Monday, 17 December 2012

My Little Monster - Episode 12

Although Shizuku's relationship is hardly all wrapped up with a bow, it is at least in a stable state at long last (further helped along by a little bribery on Shizuku's part to keep him from interfering with her time at cram school) - that leaves us free to explore things from Natsume's point of view for this penultimate episode of My Little Monster.

To some degree, it seems as if Natsume is caught between a rock and a hard place - setting aside the fact that she's fallen hard for Mi, on the one hand she still finds herself immensely irritated whenever there are guys on the scene, but whenever she's away from the crowd (and more specifically her friends) she feels overwhelmingly lonely; something that no amount of time spent online can resolve.

Luckily for her, a random phone call from Shizuku offers Natsume exactly the chance that she needs to invite herself over to her friend's place for the New Year, dragging Haru along with her to boot.  Eventually, the trio wind up meeting up with the rest of their friends for the traditional New Year shrine visit before taking to the batting centre roof to see the sun rise - a night which confirms Natsume's reliance upon her friends, but also an event which brings home her concerns about what Haru and Shizuku getting together will do to their friendship with him.  With her love for Mi looking ever more unrealistic in nature and her friends potentially drifting away from her, it's a decidedly despondent Natsume that we see closing out this episode.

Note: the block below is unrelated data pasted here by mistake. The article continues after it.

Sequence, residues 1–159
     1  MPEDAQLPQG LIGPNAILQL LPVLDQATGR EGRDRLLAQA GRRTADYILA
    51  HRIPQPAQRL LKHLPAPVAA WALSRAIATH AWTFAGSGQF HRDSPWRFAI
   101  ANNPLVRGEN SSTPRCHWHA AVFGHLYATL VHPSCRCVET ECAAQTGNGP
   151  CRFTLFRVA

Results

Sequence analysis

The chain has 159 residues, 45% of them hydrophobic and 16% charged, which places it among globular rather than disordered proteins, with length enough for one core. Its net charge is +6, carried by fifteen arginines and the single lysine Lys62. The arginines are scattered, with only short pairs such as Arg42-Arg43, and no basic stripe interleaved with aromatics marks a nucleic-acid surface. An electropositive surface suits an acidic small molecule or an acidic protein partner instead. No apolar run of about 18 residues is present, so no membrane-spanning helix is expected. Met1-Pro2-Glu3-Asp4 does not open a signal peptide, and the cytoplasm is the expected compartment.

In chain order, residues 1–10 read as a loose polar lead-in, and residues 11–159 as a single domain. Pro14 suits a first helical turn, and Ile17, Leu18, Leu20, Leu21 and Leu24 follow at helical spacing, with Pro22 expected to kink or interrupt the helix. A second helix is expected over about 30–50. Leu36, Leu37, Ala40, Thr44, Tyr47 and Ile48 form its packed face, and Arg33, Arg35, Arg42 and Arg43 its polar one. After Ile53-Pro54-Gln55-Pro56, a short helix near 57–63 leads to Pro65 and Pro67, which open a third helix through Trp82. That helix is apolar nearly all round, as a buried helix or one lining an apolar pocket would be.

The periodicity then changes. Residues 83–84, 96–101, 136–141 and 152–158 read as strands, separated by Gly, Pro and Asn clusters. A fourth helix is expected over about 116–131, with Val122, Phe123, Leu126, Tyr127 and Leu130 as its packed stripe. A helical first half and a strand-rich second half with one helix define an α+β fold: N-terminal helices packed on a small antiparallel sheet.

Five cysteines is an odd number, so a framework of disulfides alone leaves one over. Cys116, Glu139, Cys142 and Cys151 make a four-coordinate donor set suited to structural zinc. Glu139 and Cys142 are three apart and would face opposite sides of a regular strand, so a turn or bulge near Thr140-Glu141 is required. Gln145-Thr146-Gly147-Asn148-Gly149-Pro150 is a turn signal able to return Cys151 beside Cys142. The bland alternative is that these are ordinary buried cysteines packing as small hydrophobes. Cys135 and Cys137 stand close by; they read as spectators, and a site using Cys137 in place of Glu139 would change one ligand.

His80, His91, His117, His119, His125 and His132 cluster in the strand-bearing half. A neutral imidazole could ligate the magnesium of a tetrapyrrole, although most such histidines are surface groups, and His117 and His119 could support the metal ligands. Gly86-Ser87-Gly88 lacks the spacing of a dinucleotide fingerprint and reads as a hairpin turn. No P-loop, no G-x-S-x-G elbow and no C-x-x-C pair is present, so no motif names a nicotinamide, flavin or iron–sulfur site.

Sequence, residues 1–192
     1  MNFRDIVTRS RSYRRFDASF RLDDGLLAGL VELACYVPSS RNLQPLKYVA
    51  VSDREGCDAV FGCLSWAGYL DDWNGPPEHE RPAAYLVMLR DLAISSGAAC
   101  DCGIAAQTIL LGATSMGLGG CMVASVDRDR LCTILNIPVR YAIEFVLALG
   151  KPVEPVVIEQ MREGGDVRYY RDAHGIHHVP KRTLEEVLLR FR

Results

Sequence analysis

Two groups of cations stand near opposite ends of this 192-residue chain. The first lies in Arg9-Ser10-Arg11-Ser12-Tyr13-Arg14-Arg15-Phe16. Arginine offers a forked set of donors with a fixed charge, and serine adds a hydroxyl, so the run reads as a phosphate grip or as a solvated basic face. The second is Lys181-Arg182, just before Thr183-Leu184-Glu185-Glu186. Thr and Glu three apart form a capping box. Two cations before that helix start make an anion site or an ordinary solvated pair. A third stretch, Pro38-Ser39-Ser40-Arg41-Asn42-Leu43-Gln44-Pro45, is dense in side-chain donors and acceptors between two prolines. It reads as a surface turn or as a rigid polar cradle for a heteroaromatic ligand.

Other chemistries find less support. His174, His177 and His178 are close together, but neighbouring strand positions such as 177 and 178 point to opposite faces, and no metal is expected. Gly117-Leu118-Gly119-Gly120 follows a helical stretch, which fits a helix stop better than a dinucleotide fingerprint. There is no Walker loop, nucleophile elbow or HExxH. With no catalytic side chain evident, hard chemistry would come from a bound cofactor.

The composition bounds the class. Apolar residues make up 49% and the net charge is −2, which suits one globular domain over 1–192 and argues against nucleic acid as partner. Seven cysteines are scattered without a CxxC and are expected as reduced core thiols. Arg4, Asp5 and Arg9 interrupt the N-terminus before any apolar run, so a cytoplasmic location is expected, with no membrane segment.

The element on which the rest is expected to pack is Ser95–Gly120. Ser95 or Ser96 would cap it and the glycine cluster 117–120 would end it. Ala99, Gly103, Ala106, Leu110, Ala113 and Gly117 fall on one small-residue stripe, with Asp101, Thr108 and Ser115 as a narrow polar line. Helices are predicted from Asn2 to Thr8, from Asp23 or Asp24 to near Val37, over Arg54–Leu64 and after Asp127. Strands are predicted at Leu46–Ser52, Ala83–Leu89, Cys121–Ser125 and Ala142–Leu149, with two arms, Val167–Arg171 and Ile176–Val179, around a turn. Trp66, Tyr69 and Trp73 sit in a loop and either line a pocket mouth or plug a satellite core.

With so much focus on Shizuku, we haven't really had a chance to dig in to Natsume's deeper personality, and thus this week's episode is arguably a much needed one which really gets under her skin and brings us another fascinating character - flawed, almost tragically so, but still fundamentally a girl who you can't help but sympathise with and root for.  With only one episode to go, I hope that her story gets some kind of conclusion, but it's hard to imagine the focus shifting anywhere other than back to Haru (who offered the only low points of this instalment once again) and Shizuku.  The fact that it has a number of strong characters to mine speaks volumes about the strengths of the show as a whole, which makes it all the more of a shame that other aspects of the series occasionally managed to undermine it so spectacularly.

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